The planet is now about 1.1 degrees Celsius warmer on average than in the 1800s. The effects of higher temperatures have been seen worldwide, with 2022 being one of the hottest years recorded. Some climatic changes such as droughts, heat waves, wildfires, and extreme rainfall are happening faster than scientists previously predicted.
While the temperature increases, it’s ironic that the technology required to keep our homes and workplaces cool only makes the climate even hotter. Studies have pointed out that the increasing need to cool the air is both a cause and effect of climate change. Today, ACs have moved from a luxury to an essential in many homes. In the next 30 years, it is estimated that air conditioners would become as common as cell phones are today. The World Economic Forum forecasts that by the end of the century, greenhouse gas emissions from ACs will be responsible for as much as 0.5 degrees Celsius rise in global temperatures.
As part of a study, researchers measured the impact of climate change on AC energy use by 2050. The report projects an increase of nearly 14% in the warmer climates that were studied ( such as Chennai, India) and air conditioner energy use to increase by 41% in the milder climates (such as Milan, Italy). Reportedly, the substantial increase in global humidity would have a larger impact on greenhouse emissions than the incremental increase in global temperatures.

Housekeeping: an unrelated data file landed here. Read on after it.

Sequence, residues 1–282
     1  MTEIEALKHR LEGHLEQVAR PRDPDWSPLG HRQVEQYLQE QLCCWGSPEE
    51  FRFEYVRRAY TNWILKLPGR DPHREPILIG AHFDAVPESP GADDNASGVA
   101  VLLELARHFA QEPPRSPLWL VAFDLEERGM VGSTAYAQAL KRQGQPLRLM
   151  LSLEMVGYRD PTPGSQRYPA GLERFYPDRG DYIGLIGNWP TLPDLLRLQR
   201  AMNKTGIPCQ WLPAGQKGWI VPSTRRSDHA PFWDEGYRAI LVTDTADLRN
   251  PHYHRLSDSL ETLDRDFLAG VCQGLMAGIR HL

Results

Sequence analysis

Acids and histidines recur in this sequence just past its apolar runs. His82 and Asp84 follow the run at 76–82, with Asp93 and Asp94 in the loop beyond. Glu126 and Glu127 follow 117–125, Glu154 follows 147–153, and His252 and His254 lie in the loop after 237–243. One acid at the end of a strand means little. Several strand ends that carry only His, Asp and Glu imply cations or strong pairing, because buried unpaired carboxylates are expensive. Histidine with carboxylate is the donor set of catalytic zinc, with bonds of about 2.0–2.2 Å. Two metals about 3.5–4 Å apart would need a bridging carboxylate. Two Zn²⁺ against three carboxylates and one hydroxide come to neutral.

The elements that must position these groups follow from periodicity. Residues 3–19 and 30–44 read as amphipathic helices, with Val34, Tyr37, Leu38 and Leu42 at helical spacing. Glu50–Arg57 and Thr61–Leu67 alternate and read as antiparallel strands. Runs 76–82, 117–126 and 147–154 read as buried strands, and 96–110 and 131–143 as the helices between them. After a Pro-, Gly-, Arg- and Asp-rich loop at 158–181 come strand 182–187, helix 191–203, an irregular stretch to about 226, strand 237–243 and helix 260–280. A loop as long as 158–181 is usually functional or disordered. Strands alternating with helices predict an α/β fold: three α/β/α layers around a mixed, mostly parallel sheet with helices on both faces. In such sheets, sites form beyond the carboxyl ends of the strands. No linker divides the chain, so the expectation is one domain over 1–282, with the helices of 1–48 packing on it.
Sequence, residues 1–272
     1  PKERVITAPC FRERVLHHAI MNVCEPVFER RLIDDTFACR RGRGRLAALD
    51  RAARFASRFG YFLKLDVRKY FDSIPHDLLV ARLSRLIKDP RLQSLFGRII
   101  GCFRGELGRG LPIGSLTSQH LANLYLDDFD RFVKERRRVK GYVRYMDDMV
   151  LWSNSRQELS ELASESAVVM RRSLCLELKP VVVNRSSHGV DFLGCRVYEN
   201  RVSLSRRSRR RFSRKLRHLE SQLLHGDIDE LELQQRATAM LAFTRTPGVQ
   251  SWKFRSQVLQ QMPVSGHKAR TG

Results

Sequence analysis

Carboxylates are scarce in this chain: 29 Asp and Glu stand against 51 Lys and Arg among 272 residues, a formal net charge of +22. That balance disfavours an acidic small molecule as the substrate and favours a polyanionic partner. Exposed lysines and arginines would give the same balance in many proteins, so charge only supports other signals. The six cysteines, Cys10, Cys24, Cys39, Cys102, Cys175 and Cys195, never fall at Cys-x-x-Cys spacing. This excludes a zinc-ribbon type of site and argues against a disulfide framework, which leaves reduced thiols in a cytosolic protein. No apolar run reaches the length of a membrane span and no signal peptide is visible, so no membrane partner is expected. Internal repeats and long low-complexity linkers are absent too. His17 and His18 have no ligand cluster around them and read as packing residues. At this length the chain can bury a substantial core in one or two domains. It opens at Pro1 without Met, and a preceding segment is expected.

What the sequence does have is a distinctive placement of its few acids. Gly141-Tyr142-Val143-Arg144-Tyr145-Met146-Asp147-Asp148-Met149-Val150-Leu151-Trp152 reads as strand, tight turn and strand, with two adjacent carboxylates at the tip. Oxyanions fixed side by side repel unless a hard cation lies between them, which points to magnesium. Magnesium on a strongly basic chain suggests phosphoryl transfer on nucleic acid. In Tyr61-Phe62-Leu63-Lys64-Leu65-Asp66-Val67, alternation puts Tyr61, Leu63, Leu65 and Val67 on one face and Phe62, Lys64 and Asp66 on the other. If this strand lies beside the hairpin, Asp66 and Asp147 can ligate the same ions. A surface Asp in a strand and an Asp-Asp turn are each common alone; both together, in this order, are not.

In other words, we need to relook at how air conditioning works. The fundamental technology behind air conditioning and refrigeration has remained the same since it was first invented. In 1902, Willis Carrier invented the AC to address humidity issues faced by a printing company in New York City. Since then, refrigerators and ACs have grown into everyday necessity. In countries with younger populations and bustling economies such as India, Brazil, and Indonesia, billions would soon purchase their first home air conditioner. For instance, the household ownership of ACs in India today is a mere 7%, and the demand for comfort cooling is expected to drive the total stock of room ACs to over 1 billion by 2050 – a 40-fold growth from 2016. The air conditioners purchased and their effects on the environment become a crucial decision for the rest of the world.